Comments on ‘Consent policy postponed following debate’

Daily Readers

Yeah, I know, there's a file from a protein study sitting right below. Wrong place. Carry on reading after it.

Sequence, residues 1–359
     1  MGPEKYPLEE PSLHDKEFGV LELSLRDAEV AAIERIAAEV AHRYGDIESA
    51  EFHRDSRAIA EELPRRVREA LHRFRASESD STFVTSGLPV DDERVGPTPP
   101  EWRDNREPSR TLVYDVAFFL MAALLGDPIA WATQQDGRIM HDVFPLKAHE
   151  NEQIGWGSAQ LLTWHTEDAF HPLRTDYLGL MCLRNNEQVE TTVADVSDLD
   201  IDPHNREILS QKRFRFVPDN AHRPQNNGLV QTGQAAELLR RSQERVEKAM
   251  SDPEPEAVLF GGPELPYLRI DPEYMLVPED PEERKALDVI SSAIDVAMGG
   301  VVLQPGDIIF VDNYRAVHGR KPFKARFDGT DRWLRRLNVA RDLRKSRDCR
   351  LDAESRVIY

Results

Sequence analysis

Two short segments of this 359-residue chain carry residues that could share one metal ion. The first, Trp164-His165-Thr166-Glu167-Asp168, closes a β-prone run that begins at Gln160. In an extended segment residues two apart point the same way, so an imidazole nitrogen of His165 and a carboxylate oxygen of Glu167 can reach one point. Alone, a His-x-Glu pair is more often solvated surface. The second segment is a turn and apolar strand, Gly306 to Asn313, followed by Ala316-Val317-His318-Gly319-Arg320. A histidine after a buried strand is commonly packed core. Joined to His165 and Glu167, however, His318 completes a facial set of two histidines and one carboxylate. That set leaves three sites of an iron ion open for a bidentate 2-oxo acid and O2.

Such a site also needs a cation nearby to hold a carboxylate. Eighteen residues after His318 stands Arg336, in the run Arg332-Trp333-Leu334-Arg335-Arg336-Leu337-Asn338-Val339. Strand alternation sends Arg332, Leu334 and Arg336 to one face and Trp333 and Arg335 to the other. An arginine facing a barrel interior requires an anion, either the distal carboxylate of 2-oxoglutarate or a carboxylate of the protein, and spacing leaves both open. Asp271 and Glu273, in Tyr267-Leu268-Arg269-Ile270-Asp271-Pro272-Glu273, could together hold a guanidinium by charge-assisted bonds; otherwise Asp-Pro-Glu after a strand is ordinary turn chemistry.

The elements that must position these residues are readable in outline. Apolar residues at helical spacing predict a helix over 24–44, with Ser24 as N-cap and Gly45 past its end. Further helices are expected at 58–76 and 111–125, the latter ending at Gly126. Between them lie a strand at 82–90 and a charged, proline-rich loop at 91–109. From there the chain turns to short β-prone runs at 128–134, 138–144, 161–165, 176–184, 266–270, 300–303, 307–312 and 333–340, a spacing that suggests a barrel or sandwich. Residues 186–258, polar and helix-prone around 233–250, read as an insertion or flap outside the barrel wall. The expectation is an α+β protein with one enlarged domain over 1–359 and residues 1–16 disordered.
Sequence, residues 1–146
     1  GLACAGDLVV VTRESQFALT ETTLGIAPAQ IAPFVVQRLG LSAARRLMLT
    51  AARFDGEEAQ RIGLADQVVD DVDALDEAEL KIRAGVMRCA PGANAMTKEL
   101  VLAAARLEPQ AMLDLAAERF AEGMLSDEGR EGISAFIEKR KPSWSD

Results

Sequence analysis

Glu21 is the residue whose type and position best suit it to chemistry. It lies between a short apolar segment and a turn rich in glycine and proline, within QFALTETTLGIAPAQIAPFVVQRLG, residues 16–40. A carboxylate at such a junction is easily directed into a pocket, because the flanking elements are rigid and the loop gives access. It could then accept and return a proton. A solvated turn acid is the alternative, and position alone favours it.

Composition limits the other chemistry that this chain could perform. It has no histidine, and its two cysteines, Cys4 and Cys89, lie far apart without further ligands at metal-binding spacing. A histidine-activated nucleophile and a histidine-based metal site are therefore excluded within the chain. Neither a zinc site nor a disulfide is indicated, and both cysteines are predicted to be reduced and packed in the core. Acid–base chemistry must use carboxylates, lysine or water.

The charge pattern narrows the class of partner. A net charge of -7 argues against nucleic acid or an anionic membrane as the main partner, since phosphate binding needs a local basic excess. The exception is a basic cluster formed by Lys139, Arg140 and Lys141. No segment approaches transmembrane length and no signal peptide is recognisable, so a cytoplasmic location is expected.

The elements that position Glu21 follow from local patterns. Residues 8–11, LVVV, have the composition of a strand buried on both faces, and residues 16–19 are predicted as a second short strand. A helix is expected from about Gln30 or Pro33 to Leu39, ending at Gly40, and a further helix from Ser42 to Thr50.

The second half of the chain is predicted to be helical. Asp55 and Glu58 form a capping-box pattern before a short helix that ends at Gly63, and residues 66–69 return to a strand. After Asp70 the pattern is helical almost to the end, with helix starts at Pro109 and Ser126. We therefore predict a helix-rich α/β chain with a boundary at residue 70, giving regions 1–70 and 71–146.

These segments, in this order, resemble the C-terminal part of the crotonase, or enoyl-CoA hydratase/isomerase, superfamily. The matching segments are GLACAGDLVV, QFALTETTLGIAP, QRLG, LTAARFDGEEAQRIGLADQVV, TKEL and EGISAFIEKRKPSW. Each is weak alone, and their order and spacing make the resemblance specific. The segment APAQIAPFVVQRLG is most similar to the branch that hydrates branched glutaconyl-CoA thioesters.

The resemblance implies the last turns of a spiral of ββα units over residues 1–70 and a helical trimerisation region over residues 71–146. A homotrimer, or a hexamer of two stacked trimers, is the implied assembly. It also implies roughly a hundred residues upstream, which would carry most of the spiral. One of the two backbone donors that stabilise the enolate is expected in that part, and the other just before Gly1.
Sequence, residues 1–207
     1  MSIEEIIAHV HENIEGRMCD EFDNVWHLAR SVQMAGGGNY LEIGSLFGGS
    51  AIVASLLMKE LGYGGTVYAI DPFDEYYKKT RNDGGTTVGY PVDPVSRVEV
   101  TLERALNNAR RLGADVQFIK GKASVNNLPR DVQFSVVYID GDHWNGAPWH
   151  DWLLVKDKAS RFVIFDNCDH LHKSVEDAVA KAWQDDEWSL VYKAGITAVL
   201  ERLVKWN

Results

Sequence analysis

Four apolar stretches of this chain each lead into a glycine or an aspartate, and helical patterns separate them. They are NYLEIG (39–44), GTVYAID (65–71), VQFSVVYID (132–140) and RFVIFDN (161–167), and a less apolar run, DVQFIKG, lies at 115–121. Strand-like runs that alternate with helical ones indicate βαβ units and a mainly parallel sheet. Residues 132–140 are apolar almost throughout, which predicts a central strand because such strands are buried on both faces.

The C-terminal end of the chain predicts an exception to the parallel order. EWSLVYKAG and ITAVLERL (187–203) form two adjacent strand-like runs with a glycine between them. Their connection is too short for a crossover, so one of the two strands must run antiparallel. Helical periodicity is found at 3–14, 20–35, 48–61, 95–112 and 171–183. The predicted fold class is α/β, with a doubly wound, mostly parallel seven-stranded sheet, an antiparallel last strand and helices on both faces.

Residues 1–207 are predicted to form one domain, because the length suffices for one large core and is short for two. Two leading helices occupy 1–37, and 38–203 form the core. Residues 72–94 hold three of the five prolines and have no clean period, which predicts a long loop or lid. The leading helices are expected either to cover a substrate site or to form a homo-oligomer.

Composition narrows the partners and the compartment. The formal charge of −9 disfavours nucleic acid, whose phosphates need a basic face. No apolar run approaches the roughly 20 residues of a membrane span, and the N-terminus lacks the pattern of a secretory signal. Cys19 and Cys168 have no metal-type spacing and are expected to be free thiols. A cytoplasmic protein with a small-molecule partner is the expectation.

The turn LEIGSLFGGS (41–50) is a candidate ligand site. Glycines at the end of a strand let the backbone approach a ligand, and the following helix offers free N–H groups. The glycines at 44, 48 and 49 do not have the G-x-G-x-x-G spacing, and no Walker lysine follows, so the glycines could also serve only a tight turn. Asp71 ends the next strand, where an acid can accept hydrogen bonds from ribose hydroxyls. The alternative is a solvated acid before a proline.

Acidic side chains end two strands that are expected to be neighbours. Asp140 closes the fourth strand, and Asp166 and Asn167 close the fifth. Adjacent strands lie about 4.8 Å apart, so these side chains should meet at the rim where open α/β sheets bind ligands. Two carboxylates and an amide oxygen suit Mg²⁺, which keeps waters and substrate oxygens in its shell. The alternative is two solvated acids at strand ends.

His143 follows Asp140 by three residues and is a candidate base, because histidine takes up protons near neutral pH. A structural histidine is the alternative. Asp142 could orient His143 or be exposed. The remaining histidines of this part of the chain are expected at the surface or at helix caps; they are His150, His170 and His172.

Affirmative consent is fine if you envision it as a standard that only applies to acts of intercourse. The problem with affirmative consent is that it would be applied to all physical contact, regardless of the context or the background of the parties. Do you stop and ask for permission every single time you so much as lay a hand on your long-term boyfriend or girlfriend? If not, then that is sexual assault under a strict affirmative consent standard. I agree that you should always ask before engaging in sex, but there needs to be more leeway for more casual contact. Especially in an existing relationship where standing norms and boundaries have long been established. IâÄôm continually exasperated by how incredibly unsophisticated discussions concerning the definition of sexual assault tend to be. Just because something sounds good on a bumper sticker doesnâÄôt mean it makes sense as a standard for adjudicating real-life cases of contested consent. – Vacenza via mndaily.com For myself, a woman, I would find the affirmative consent plan oppressive. I am an older student, the age of most of the young studentsâÄô parents. I agree there needs to be some action to prevent sexual assaults on college campuses, but I just donâÄôt think this is the way to go about it. I donâÄôt know what could replace this, but the affirmative consent is not it. A big part of the outcry over sexual assaults on college campuses seems to be due to the universities failing to do right by the victims. This policy does nothing to change or improve the universitiesâÄô response to an assault. As a student and an adult, I donâÄôt want another large entity to reach into my personal life to dictate how I should act in my private life. I would feel the same if it were my son or daughter as the student at the University of Minnesota. I believe the students who might be the aggressors in a sexual assault will not be hindered by this policy. – Wendoozy via mndaily.com